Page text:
Single Assignment C (SAC)

The Compilation Technology Perspective
  • Clemens GrelckEmail author
Part of the Lecture Notes in Computer Science book series (LNCS, volume 10094)


Single Assignment C (SaC) is a data parallel programming language that combines an imperative looking syntax, closely resembling that of C, with purely functional, state-free semantics. Again unlike the functional programming mainstream, that puts the emphasis on lists and trees, the focus of SaC as a data-parallel language is on (truly) multi-dimensional arrays. SaC arrays are not just loose collections of data cells or memory address ranges as in many imperative and object-oriented languages. Neither are they explicitly managed, stateful data objects as in some functional languages, may it be for language design or for performance considerations. SaC arrays are indeed purely functional, immutable, state-free, first-class values.

The array type system of SaC allows functions to abstract not only from the size of vectors or matrices but even from the number of array dimensions. Programs can and should be written in a mostly index-free style with functions consuming entire arrays as arguments and producing entire arrays as results. SaC supports a highly generic and compositional programming style that composes applications in layers of abstractions from universally applicable building blocks. The design of SaC aims at combining high productivity in software engineering of compute-intensive applications with high performance in program execution on today’s multi- and many-core computing systems.

These CEFP lecture notes provide a balanced introduction to language design and programming methodology of SaC, but our main focus is on the in-depth description and illustration of the associated compilation technology. It is literally a long way down from state-free, functional program code involving multi-dimensional, truly state-free arrays to efficient execution on modern computing machines. Fully compiler-directed parallelisation for symmetric multi-socket, multi-core, hyper-threaded server systems, CUDA-enabled graphics accelerators, workstation clusters or heterogeneous systems from a single architecture-agnostic source program adds a fair deal of complexity. Over the years, we have developed an intricate program transformation and optimisation machinery for this purpose. These lecture notes provide the first comprehensive presentation of our compilation technology as a whole.



The work described in this paper is the result of more than 15 years of research and development conducted by an ever changing group of people working at a variety of places. From the nucleus at the University of Kiel, Germany, in the mid-1990s the virus spread to the University of Lübeck, Germany, the University of Hertfordshire, England, the University of Toronto, Canada, the University of Amsterdam, Netherlands, and recently to Heriot-Watt University, Scotland. Apart from the internal funds of these universities, three European projects have been instrumental in supporting our activities: Æther, Apple-CORE and Advance.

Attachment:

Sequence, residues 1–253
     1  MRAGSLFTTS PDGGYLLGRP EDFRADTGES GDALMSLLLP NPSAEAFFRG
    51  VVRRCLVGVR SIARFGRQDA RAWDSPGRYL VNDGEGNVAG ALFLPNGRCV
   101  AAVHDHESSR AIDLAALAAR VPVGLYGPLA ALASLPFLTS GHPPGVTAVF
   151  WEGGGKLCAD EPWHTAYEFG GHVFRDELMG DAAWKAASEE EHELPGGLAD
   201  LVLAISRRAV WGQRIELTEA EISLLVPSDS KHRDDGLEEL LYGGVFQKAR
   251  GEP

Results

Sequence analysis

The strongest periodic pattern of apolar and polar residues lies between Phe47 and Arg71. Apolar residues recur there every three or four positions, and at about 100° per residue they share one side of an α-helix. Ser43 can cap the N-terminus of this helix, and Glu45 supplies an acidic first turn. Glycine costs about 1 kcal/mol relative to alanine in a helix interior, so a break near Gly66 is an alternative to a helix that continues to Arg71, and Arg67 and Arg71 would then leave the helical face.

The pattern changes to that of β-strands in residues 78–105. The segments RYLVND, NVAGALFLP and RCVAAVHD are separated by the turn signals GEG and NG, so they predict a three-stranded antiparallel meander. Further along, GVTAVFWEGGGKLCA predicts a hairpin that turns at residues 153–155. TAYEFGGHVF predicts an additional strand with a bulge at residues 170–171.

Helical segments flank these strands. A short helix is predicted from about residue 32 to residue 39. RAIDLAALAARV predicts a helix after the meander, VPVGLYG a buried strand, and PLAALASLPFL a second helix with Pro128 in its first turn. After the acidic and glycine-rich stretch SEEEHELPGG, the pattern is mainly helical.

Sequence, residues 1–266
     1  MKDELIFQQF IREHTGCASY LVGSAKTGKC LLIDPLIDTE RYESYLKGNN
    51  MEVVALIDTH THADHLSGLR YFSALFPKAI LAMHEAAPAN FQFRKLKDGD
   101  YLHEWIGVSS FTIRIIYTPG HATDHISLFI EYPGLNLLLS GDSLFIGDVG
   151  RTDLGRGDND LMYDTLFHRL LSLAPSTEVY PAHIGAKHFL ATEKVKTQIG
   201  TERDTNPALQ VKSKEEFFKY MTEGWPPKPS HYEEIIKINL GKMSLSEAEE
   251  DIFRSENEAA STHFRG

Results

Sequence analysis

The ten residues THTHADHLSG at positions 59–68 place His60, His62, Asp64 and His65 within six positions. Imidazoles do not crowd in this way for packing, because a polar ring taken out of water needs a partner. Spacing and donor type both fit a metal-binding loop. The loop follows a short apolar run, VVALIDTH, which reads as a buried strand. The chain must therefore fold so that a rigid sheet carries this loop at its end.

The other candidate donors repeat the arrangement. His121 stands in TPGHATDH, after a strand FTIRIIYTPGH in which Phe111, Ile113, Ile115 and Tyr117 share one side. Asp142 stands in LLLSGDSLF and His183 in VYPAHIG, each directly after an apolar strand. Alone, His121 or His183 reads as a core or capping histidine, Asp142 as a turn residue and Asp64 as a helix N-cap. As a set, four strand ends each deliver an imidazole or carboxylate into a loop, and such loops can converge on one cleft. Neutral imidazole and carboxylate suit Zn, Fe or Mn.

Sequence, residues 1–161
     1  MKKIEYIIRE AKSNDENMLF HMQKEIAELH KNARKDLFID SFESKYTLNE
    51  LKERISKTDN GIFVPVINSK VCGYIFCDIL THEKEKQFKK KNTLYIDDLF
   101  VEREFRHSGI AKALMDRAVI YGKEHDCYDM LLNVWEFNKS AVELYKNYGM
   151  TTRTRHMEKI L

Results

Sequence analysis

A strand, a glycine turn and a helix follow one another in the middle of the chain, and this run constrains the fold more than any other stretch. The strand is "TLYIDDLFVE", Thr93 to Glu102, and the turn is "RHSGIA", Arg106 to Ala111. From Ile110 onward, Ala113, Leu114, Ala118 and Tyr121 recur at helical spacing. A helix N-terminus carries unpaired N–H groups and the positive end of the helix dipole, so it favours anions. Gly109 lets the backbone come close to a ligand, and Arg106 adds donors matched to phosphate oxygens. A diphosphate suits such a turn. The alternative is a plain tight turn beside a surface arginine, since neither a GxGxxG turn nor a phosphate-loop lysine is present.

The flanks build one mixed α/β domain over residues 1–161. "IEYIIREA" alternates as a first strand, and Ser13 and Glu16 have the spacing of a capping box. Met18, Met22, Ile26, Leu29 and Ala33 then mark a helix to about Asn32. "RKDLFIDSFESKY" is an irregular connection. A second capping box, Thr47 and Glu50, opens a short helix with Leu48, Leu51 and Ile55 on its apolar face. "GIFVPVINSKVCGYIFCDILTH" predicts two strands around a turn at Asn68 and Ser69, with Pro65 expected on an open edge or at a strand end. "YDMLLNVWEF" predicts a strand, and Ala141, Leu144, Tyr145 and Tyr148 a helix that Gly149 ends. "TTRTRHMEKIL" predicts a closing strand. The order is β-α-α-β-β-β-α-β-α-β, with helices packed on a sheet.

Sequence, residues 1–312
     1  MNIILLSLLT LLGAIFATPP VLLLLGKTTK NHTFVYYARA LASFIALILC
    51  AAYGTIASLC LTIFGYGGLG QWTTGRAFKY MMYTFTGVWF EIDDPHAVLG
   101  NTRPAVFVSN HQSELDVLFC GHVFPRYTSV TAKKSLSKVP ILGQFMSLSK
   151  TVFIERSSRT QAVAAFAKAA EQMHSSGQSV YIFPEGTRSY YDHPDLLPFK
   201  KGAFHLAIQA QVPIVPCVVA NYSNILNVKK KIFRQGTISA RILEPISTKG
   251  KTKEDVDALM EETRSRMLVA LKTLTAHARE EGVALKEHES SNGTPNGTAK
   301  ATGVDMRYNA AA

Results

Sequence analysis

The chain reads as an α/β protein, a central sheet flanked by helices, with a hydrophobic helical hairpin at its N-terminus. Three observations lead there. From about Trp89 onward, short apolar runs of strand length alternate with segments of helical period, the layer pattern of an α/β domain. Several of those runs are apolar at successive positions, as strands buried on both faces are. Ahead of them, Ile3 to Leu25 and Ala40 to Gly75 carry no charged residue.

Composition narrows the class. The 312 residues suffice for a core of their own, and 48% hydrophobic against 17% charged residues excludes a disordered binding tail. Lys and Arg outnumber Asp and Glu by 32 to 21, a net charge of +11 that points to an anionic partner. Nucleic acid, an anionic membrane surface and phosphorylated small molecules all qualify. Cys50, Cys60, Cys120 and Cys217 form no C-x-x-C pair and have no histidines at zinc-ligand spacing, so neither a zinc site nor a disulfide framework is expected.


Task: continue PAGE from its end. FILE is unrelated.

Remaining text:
First and foremost, I would like to thank Sven-Bodo Scholz for many years of intense and fruitful collaboration. The original proposal of a no-frills functional language with a C-like syntax and particular support for arrays was his [91]. Apart from the name and these three design principles not too much in today’s SaC resembles the original proposal, though.

My special thanks go to those who helped to shape SaC by years of continued work: Dietmar Kreye, Robert Bernecky, Stephan Herhut, Kai Trojahner and Artem Shinkarov. Over the years many more have contributed to advancing SaC to its current state. I take the opportunity to thank (in roughly temporal order) Henning Wolf, Arne Sievers, Sören Schwartz, Björn Schierau, Helge Ernst, Jan-Hendrik Schöler, Nico Marcussen-Wulff, Markus Bradtke, Borg Enders, Michael Werner, Karsten Hinckfuß, Steffen Kuthe, Florian Massel, Andreas Gudian, Jan-Henrik Baumgarten, Theo van Klaveren, Daoen Pan, Sonia Chouaieb, Florian Büther, Torben Gerhards, Carl Joslin, Jing Guo, Hraban Luyat, Abhishek Lal, Santanu Dash, Daniel Rolls, Zheng Zhangzheng, Aram Visser, Tim van Deurzen, Roeland Douma, Fangyong Tang, Pablo Rauzy, Miguel Diogo, Heinz Wiesinger, Jaroslav Sykora, Raphaël Poss, Victor Azizi, Stuart Gordon, Hans-Nikolai Viessmann, Thomas Macht, Cédric Blom, Nikolaos Sarris for their invaluable work.


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Authors and Affiliations

  1. 1.Institute of InformaticsUniversity of AmsterdamAmsterdamThe Netherlands

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